ROB: You may notice the annotations are on a rough cut, NOT the final cut - you want to avoid this (just have written/typed annotations ready to add to your final cut).
BECKY: Again, YouTube annotation used! I do think its useful to discuss how you attracted an aud using new media (see below) as well, which isn't done in this one or some of the other egs above.
TIP: REMEMBER, YOU CAN THINK OF + REFER TO MULTIPLE AUDIENCES. There's always a secondary audience to consider as well as the main, primary audience.

You could use concepts such as 'mode of address': 'a term used by semioticians which proposes that media texts address its intended audience in a particular way, establishing a relationship between the producer of the text and the media’s audience.' (source) 'as Sonia Livingstone puts it, 'texts attempt to position readers as particular kinds of subjects through particular modes of address' (Livingstone 1994, 249)' (source)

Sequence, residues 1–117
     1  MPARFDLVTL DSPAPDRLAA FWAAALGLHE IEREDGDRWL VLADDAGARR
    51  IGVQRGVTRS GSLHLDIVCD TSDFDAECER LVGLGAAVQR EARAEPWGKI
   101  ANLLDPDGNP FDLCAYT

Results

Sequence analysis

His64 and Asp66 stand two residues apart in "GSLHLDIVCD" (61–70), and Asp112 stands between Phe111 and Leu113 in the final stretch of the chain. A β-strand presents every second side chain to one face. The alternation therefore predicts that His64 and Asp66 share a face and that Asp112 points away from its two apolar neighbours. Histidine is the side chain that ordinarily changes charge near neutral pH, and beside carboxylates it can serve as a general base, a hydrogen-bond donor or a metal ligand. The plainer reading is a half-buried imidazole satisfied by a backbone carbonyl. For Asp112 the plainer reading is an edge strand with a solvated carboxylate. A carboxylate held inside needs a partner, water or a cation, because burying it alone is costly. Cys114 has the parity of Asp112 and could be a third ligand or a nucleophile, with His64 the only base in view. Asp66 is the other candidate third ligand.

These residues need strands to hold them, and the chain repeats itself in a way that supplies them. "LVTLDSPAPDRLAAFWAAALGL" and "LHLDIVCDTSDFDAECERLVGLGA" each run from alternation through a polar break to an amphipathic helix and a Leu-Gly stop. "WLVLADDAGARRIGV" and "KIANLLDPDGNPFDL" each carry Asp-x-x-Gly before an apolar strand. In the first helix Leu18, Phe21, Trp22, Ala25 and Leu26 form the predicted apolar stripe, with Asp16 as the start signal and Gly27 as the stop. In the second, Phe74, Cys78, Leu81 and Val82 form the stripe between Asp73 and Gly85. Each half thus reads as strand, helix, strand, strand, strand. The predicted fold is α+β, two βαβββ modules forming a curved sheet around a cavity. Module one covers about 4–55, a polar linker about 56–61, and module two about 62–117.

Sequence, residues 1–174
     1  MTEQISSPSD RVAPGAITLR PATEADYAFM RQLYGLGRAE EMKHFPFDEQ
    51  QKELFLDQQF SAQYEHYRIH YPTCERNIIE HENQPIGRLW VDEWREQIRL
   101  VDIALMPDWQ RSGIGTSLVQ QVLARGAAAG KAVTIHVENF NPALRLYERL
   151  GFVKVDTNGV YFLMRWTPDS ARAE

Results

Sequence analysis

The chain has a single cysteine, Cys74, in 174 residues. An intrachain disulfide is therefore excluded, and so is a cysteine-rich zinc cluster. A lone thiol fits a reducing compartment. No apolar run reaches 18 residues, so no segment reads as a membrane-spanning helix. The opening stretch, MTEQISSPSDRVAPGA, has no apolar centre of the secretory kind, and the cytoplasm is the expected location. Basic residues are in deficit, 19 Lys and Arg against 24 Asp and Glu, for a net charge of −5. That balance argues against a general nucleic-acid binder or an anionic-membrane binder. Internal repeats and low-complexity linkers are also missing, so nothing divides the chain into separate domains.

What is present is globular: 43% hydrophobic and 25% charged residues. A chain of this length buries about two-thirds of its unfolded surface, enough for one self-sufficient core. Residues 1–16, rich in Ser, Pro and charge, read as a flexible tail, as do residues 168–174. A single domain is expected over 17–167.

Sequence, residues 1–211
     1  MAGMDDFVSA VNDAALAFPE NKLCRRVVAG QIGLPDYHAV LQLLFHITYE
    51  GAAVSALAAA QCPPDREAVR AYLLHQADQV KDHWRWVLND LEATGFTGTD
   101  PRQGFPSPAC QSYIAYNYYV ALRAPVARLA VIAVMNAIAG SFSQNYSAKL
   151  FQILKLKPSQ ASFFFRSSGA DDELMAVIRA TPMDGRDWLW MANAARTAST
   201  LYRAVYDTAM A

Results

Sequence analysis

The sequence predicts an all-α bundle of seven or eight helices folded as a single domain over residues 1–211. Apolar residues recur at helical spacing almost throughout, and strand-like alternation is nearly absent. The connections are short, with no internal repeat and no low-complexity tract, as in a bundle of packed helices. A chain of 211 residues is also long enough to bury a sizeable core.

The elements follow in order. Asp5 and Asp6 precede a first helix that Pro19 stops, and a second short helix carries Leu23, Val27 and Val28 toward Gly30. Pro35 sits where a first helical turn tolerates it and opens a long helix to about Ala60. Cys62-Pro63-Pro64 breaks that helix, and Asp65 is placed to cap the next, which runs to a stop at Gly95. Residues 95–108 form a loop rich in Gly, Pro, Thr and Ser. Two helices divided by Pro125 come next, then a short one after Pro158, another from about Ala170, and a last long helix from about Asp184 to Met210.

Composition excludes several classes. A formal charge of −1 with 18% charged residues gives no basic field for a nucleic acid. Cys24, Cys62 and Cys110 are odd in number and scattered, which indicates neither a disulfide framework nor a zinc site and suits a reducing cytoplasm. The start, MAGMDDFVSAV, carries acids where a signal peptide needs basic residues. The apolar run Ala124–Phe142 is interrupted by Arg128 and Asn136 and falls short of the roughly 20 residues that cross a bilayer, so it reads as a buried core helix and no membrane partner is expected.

There is also 'interpellation' (Louis Althusser), by which when we get engrossed in a text we begin to take on the values contained within it.

Mulvey's male gaze is mentioned above.

The uses and gratifications theory is extremely useful ... can also be applied to your exam Q on British Cinema, so well worth learning. See this post, and the audience theory links list on that blog, plus this one which applies the theory to magazine ads. This one is on music videos, but should help provide ideas on how to discuss audience.

Narrative enigma and other narrative theories can be usefully applied too